Edison Research, Learning to Love LinkedIn:
That means, of course, that 69% of LinkedIn users do not use Twitter, so they didn’t read your awesome tweet. That’s millions of Americans who are willing to engage with others online, willing to put their profile information on display, and who spend at least some time each week “social networking” but who are not engaged (and perhaps not even interested) in “tweeting.”
What’s most interesting to me is the way the survey question is framed: Facebook and LinkedIn users are asked if they “have a profile,” while Twitter users are asked if they “ever use” the service. As I tried to allude to in the comments, LinkedIn needs you to do more than just “have a profile” on the service. It needs the profile to be active and up to date, even if you’re not actively hunting for a job. This is likely why they’ve introduced features like endorsements and are ramping up their news strategy with the purchase of Pulse. These features give you a reason to keep coming back to LinkedIn every day and, hopefully, keep your profile up to date.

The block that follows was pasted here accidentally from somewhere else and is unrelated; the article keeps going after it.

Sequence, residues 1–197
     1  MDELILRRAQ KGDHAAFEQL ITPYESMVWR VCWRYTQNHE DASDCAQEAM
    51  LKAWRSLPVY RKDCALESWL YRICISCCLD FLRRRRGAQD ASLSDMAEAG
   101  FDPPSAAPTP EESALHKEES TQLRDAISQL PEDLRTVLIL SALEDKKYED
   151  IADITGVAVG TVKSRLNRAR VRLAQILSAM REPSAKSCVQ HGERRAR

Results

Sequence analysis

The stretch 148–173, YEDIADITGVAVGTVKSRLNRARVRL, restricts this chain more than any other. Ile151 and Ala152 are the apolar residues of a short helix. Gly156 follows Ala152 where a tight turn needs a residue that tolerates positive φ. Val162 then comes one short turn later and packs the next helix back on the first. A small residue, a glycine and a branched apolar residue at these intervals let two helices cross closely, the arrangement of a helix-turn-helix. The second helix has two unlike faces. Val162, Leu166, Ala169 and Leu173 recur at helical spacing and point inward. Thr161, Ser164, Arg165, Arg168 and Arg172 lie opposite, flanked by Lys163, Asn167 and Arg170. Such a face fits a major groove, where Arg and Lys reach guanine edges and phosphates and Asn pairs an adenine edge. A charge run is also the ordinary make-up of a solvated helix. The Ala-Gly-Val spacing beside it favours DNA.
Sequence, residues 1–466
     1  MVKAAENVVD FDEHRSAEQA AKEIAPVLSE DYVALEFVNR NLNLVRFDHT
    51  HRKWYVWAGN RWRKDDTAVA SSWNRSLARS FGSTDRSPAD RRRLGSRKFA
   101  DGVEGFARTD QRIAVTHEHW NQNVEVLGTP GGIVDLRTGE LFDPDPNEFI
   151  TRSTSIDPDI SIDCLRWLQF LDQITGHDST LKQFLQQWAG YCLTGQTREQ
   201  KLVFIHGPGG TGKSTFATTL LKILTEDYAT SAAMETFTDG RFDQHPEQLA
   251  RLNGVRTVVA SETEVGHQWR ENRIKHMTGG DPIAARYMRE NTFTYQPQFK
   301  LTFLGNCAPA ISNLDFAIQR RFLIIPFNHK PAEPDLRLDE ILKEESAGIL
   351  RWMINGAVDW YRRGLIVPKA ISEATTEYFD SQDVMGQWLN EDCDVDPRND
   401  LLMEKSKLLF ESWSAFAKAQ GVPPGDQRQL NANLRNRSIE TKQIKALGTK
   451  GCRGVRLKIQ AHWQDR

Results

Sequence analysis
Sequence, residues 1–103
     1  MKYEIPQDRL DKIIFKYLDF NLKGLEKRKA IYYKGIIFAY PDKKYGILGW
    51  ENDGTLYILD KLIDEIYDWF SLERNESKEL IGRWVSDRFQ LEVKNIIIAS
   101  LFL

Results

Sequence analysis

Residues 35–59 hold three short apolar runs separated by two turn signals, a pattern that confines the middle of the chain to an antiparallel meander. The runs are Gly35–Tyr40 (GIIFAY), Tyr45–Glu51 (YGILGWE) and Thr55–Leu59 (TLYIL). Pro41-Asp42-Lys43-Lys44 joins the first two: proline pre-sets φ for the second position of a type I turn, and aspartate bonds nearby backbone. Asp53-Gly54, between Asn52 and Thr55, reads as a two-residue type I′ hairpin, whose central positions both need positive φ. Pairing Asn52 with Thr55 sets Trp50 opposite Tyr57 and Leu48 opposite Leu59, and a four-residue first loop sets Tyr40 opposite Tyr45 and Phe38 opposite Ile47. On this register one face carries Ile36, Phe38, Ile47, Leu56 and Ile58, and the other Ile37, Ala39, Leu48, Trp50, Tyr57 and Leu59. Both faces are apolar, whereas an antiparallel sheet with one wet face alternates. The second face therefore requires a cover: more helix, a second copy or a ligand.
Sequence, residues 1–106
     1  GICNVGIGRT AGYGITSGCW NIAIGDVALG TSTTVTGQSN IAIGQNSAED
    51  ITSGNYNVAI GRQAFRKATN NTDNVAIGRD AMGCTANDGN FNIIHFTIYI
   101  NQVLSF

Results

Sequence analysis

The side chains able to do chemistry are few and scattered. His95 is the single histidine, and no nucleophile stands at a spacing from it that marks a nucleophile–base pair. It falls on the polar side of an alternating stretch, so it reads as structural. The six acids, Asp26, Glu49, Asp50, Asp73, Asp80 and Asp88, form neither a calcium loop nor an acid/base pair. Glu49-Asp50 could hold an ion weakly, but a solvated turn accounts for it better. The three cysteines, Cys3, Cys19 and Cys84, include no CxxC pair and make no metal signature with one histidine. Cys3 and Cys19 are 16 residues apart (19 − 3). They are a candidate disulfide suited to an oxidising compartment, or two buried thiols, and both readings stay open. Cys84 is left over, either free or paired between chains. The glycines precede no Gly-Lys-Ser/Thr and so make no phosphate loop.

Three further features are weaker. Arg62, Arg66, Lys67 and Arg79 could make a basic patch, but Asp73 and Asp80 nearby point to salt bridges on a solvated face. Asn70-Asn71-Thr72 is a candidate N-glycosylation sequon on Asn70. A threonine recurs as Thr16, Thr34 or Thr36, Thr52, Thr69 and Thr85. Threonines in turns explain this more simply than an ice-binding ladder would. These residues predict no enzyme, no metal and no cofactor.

Why does LinkedIn care if your profile is up to date? Because LinkedIn’s real customers are recruiters, who pay for premium accounts. If the profile data goes stale, then the recruiters will start looking elsewhere. I’m sure the rise of Twitter resumes has LinkedIn a bit spooked in this regard.
In some ways, LinkedIn and Facebook are similar in this respect. Remember when Facebook announced OpenGraph and everyone thought it would make a killer dating service? The problem is the quality of the profile data:
“If I asked you what your favorite movies are and went to your movies section on Facebook, I don’t think they would match up. On OkCupid, people curate their profiles with a scalpel.”
And that’s true as far as the traditional Facbook profile stuff goes. But one of the great things about Facebook Timeline is that it turns profile maintenance into a passive act. Check in somewhere, upload a photo, like something: all of these things will have the effect of keeping your interests and activities up to date without you ever having to click “Edit Profile.” I’d expect LinkedIn to do something similar, and I think endorsements are a first step in the direction of passive or croudsourced profile curation.